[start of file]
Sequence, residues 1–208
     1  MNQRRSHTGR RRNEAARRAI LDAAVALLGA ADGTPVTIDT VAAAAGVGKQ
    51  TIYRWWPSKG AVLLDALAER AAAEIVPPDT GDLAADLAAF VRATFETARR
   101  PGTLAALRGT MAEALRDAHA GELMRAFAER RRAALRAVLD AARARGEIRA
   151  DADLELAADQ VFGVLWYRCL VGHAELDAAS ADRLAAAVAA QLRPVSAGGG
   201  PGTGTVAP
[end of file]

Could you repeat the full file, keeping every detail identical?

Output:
Sequence, residues 1–208
     1  MNQRRSHTGR RRNEAARRAI LDAAVALLGA ADGTPVTIDT VAAAAGVGKQ
    51  TIYRWWPSKG AVLLDALAER AAAEIVPPDT GDLAADLAAF VRATFETARR
   101  PGTLAALRGT MAEALRDAHA GELMRAFAER RRAALRAVLD AARARGEIRA
   151  DADLELAADQ VFGVLWYRCL VGHAELDAAS ADRLAAAVAA QLRPVSAGGG
   201  PGTGTVAP